Structuring School Opportunities

Step-Chart Activities

Step-chart activities bridge free discovery and adult demonstration.

When I provided children with at least one step-chart activity per week it blew me away how much it changed the culture of the classroom and fostered interdependence — boys working with girls and everyone working with others who were not their best friends. Step-chart activities follow a set sequence: (1) demonstrate, (2) freely do or not do, (3) represent. In large group time the leader demonstrates step by step how to make something she thinks all of the children might like to make for themselves — within their ZPD — and simply sets the materials out in free play for the children to use as they wish without help from adults; other children become the go-to resources. Later, the leader reviews the sequence in a reflective large group time, or if the children are capable, the children represent the sequence in oral descriptions, drawings, or photos to guide other children and share the sequences with the community.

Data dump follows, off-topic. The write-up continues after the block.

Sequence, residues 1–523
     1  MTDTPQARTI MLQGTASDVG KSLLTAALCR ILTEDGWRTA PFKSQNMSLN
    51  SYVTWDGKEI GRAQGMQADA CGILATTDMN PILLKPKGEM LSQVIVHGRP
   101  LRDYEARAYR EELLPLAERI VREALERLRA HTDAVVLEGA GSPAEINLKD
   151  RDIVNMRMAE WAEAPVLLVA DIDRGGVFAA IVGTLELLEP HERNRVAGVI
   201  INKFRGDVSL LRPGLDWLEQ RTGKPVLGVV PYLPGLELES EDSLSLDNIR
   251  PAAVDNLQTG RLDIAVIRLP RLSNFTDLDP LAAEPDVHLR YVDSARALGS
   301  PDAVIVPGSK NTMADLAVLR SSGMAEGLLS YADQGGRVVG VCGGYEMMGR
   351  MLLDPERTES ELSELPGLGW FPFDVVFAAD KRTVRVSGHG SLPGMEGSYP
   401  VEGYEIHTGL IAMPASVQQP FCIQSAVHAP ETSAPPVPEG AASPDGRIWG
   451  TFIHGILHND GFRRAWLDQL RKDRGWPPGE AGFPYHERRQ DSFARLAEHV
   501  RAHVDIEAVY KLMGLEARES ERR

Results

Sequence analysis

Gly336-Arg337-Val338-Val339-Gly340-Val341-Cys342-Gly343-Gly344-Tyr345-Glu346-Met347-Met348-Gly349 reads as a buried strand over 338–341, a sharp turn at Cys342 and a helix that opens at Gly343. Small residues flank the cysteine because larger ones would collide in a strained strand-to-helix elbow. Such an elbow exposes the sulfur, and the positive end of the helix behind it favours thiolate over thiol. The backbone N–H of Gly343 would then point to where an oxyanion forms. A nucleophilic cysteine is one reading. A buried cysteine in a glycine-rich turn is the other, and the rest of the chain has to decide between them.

It is important that the leader demonstrate each step clearly referring to the step-chart by page number as the children simply watch and discuss. Each action is referred back to the image, so the image begins to make sense. (At this demonstration the children have no materials at all.) The images do not convey what to do, they represent what they have seen done. The images make sense only after the children have made the product and the images are reviewed at a later time. I also happily demonstrate mistakes and fix them.

  1. demonstrate (group time)
  2. do (free time)
  3. represent (group time)

Each completed step-chart is linked to a separate page.

Booklet Binding

A step chart for adults I made for my Project Approach class. It works for children age five and up. Using scissors, scoring, folding, tucking, gluing.


A helicopter master has to be cut apart into four helicopters the children cut, fold, and attach a paper clip. Essential skills.


spiderpage-06Polymer clay (Sculpey III) and long chenille sticks both of good spider color. Having photographs or scientific drawings of spiders enable the children to look more closely at the parts of a spider. Molding, bending, sculpting.

Ghost or てるてる坊主

Teru teru bōzu is an amulet or doll from Japan, the same as a Western ghost, which is a humorous bald-headed appeal to the gods for sunshine. Rubber bands.


Eyedroppers and folding.

Wrapping a Box

Tape dispenser and wrapping

Cleaning Clay Tables

Drywall knife, wet paper towels


Scissors, tape dispenser, hole punch


Rolling, attaching file folder label to toothpick

Pressing Leaves

Alternating layers



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